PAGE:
The Labour administrations of Harold Wilson and James Callaghan made things worse. A refusal to accept that Britain could not spend its way out of trouble led to the International Monetary Fund having to rescue the country from bankruptcy in 1976.
The private sector was held hostage by the unions.
The country was paralysed by a rail strike, National Health Service employees worked to rule and ambulance drivers went on strike. Rubbish went uncollected and most infamous of all was the strike of gravediggers in Liverpool, which led to the dead going unburied and coffins piling up.
When Thatcher won office, she delivered on her promises. Having emasculated the unions by bringing them within the law, she was able to proceed with the strategy of restructuring the economy and dragging Britain into the 20th century.
As a result, not only was the country transformed, but so was our standing in the world and our ability to believe in ourselves and to compete.
Mark Peaker, The Peak
ATV justified in screening all of funeral
Well done ATV for showing the whole of the Margaret Thatcher funeral live on Wednesday evening.
Even BBC World did not give so much coverage and other channels even less.
Pearl didn't bother except for a rerun biographical programme later on.
ATV was justified, as Thatcher was key to the Hong Kong story. Once she realised, albeit late in the day, that Deng Xiaoping would not agree to a day's extension to the lease on Hong Kong's New Territories, she then supervised her team to get the very best terms possible for all Hong Kong residents; Chinese, Britons and others.
And looking ahead 50 years - the agreed period of Hong Kong's independence after the handover in 1997 - is a long time, but so far so good despite childish behaviour by some of our elected representatives.
Let's hope that Hong Kong can find its own Margaret Thatcher - and soon.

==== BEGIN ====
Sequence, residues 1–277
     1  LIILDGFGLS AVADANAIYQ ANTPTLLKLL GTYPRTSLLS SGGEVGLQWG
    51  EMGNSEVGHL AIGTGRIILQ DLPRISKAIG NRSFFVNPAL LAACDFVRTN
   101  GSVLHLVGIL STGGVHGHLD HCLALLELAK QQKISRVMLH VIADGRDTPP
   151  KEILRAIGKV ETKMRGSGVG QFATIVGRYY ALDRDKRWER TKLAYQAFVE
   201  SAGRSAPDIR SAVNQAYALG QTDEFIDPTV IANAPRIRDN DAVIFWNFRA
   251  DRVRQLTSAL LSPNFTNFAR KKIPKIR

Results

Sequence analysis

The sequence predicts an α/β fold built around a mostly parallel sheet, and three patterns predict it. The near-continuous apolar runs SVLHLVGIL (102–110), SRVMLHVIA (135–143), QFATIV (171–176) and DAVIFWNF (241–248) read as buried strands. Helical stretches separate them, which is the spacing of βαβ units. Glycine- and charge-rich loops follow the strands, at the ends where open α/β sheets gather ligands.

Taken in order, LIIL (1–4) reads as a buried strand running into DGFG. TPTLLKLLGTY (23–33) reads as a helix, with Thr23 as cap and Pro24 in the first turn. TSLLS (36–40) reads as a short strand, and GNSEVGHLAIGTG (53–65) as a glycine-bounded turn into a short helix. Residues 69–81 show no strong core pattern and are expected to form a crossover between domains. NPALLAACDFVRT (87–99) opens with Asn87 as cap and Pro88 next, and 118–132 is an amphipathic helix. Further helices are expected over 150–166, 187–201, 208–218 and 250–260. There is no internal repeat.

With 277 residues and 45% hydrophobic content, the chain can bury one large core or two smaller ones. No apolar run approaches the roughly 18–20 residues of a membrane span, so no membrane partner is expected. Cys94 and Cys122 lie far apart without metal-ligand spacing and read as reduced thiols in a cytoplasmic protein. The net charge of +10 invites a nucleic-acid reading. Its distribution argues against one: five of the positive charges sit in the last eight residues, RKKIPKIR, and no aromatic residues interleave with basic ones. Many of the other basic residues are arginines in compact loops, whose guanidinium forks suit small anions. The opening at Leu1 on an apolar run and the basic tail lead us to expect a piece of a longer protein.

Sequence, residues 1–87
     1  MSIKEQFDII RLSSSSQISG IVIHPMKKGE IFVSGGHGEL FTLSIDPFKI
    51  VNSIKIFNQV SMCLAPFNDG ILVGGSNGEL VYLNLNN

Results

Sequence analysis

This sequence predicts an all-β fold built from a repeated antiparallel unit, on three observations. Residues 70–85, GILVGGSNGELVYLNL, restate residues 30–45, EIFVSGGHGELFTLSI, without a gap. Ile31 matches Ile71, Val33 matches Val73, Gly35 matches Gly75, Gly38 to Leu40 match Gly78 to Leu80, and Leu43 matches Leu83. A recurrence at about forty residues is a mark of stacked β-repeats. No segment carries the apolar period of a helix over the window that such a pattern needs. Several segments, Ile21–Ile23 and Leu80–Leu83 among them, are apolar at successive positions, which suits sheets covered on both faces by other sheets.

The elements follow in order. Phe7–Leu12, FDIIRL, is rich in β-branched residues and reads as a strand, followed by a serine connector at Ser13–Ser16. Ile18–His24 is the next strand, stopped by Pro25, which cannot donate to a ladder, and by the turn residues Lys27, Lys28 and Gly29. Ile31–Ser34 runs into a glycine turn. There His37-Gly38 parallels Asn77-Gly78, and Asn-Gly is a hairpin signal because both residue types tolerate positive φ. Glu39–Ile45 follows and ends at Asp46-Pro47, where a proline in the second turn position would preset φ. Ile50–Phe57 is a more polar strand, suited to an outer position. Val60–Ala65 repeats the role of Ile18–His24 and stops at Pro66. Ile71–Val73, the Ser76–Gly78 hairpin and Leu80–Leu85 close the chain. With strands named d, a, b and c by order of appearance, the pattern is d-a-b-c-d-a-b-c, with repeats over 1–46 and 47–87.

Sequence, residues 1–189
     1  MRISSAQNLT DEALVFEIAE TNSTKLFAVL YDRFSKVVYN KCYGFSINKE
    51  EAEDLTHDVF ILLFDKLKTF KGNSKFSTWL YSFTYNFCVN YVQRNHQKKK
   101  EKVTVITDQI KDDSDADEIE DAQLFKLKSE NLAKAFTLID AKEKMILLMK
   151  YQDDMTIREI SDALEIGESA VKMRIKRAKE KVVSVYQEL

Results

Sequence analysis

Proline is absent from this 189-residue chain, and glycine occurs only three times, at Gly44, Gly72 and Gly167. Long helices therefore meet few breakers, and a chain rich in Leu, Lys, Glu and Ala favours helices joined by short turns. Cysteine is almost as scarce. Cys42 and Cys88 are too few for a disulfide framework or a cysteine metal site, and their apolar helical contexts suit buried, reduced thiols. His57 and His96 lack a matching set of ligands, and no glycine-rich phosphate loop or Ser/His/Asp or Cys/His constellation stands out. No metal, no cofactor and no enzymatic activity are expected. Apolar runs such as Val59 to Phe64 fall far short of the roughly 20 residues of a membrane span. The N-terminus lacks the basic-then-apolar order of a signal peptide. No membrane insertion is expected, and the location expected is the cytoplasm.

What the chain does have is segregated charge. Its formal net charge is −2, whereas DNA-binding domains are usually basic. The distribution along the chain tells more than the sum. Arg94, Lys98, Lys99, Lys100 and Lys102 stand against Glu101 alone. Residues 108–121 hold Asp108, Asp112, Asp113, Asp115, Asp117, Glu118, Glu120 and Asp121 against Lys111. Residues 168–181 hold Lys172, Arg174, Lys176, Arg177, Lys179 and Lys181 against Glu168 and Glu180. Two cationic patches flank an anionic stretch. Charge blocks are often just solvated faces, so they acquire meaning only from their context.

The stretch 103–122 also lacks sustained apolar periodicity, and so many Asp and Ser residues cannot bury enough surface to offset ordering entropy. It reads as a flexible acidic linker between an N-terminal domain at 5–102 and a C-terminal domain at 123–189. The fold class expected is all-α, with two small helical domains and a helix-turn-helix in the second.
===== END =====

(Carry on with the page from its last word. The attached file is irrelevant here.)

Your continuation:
Brian Hughes, Sheung Wan
Free-to-air viewers getting raw deal
TVB has been critical of the government's proposal to grant more free-to-air licences.
However, as an average citizen and viewer of English-language channels in Hong Kong, I would support such a move.
I believe we need more of these licences because TVB and ATV have been exploiting us. It is clear that ATV's English channel has given up. The quality of its programmes is poor.
TVB Pearl shows whatever it wants any time it wants. Viewers are presented with endless nature and food documentaries, but where are the popular dramas?
On Wednesday evening I wanted to watch the crime drama Castle, in its regular slot at 8.30pm.
To my great disappointment, it was pre-empted by a documentary about Margaret Thatcher. I turned the TV off in despair. I hate TVB's arrogance. This decision was disrespectful to viewers.
Lawrence Choi, Tuen Mun
Travel alert makes HK laughing stock
The item in Lai See ("HK travel to Philippines surges despite government's black alert", April 17) more than adequately sums up just how ludicrous are the policies of some government departments, in this case, the refusal to withdraw this travel alert to the Philippines.
What is even more frustrating is the pig-headed attitude they adopt in refusing to act despite being well aware of how ridiculous this situation is.
At the moment Hong Kong is the laughing stock of the travel industry worldwide.
I suggest the Lai See article should be sent to all legislative councillors. Surely one or more of them can try to do something to correct the situation.
John Wilson, Kwun Tong
More to health than infectious disease control
Since the 2003 outbreak of the severe acute respiratory syndrome, health care here has improved. Doctors have gained experience in the fight against infectious diseases.
However, I think citizens have become over dependent on the health care system.
Also, we now have a fast-food culture and many people eat these high-cholesterol meals every day, as they are cheap and convenient. People forget the importance of having a healthy lifestyle, with a sensible diet and lots of exercise.
The government needs to do more to encourage Hongkongers to exercise. It should also offer subsidies to those fast-food shops that offer some healthy items on the menu.
Kathy Chan Ching-yau, Tsuen Wan